Sopory said that digging deep into the lawsuit and the election politics surrounding it was a shocking experience. “I remember talking to Chisato and Ashton in one of our meetings and saying, ‘How are people not seeing how ludicrous this is?’” It was an up-close look at how relative truth had become in the Trump era, Sopory added.

But Zoe Latham ’23 of Tulsa, Oklahoma, who along with Frogameni and Nora Carrier ’23 of Brooklyn, New York, researched how the public statements of attorneys general about the lawsuit differed from private email comments unearthed via FOIA requests, remains optimistic. The lawsuit was a total failure. “This research helped me realize just how robust a lot of our institutions are,” Latham said. “I think the big, obvious challenges to democracy, such as this lawsuit, are far less dangerous than the smaller barriers to voting that local and state election officials can set up.”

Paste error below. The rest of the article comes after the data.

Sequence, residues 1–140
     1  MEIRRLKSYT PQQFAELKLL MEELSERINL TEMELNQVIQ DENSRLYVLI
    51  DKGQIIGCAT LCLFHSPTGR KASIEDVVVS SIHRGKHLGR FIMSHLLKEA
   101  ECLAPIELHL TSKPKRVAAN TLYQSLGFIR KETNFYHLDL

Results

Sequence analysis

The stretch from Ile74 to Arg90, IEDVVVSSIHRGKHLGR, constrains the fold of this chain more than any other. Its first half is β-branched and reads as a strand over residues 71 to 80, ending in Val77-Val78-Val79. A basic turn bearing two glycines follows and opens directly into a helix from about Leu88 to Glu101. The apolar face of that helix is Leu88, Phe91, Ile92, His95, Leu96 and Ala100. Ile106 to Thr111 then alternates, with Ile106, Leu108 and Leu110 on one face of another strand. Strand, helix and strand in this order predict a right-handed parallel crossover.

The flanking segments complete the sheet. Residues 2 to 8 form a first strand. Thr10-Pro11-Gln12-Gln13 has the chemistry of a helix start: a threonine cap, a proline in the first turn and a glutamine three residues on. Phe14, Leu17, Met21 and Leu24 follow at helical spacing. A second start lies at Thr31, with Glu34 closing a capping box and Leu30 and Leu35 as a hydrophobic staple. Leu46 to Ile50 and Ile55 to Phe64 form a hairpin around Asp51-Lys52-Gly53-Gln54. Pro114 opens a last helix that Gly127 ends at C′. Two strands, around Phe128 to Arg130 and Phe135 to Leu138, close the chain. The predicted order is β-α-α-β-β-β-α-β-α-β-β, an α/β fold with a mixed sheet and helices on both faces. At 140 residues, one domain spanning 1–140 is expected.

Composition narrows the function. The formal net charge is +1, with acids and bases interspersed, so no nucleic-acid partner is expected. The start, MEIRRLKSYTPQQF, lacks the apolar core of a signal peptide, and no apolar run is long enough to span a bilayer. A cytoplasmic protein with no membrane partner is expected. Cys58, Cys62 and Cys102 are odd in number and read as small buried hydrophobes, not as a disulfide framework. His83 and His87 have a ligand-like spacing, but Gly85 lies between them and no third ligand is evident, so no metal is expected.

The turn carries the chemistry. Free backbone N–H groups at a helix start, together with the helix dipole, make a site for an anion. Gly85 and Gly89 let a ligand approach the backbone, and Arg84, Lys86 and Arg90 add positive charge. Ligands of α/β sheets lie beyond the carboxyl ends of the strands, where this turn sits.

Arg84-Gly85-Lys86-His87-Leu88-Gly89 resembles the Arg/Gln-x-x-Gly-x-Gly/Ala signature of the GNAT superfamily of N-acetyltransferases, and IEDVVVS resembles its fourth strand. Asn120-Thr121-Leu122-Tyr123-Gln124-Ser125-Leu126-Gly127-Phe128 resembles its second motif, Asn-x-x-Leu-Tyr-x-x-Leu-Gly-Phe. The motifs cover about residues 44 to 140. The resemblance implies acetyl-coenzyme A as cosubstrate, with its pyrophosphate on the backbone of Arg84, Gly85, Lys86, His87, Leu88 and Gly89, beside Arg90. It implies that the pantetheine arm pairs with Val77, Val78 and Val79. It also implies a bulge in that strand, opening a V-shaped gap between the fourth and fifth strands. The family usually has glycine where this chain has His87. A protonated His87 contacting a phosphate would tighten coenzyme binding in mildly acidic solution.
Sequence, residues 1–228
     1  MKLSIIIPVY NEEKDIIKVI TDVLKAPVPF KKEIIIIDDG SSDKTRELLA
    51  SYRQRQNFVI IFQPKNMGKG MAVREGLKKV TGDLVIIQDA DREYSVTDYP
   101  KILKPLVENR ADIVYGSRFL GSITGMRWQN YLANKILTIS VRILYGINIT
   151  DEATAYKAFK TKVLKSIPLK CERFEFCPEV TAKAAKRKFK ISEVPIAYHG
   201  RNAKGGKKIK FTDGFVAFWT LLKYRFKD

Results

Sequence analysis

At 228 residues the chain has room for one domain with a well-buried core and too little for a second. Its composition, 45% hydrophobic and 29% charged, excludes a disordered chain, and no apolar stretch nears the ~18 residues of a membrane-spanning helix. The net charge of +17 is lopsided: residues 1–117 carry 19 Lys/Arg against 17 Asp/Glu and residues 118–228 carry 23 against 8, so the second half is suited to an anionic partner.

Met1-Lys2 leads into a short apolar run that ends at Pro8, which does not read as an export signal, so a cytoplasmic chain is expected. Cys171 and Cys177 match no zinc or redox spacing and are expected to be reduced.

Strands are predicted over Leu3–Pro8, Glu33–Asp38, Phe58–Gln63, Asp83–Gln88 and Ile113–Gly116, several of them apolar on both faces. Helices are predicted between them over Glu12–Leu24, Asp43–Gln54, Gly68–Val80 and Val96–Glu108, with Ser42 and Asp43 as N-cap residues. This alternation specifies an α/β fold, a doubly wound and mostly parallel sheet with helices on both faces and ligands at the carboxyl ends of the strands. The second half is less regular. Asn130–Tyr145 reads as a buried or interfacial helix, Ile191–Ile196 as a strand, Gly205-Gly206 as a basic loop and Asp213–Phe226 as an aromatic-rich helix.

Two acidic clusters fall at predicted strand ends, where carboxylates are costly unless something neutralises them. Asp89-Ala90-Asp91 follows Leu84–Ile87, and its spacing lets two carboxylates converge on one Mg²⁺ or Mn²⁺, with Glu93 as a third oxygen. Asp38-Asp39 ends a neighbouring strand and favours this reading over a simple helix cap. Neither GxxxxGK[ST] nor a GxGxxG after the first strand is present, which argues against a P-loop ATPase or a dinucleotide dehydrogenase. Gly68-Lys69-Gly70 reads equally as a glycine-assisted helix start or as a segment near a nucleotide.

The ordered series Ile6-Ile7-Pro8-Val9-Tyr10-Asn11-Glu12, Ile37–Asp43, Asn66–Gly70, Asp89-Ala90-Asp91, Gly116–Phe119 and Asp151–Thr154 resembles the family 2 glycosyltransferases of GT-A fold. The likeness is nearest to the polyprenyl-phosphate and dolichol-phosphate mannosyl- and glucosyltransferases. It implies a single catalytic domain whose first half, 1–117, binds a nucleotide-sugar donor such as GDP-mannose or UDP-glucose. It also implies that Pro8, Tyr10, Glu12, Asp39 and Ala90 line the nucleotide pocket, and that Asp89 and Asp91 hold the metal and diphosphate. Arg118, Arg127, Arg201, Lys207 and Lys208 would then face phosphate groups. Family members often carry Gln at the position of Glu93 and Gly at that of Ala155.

Western views the research project, which resumed in September after a summer break, as a practicum. “Students are getting real experience, and we’re talking about the ethics and deeper logic of sunshine laws and public disclosure,” he said.

In the coming months, Western hopes to see op-eds drafted by the students published. An article he wrote based on the research will be published in an academic journal next spring, when he’ll be teaching a related new class at Five College Consortium member Hampshire College called “Democracy and Authoritarianism.” His next book, on democratic institutional resilience, will be published in 2022 or 2023.

U.S. democracy is in peril, Western said. “What are the implications for elections when you have a major party willing to entertain deception and outright claims of fraud to undermine the integrity of the system? When you have top law enforcement officers, who clearly know better, playing for short-term political goals? The corrosive effect is profound,” he said. “It is a very dangerous moment for American society.”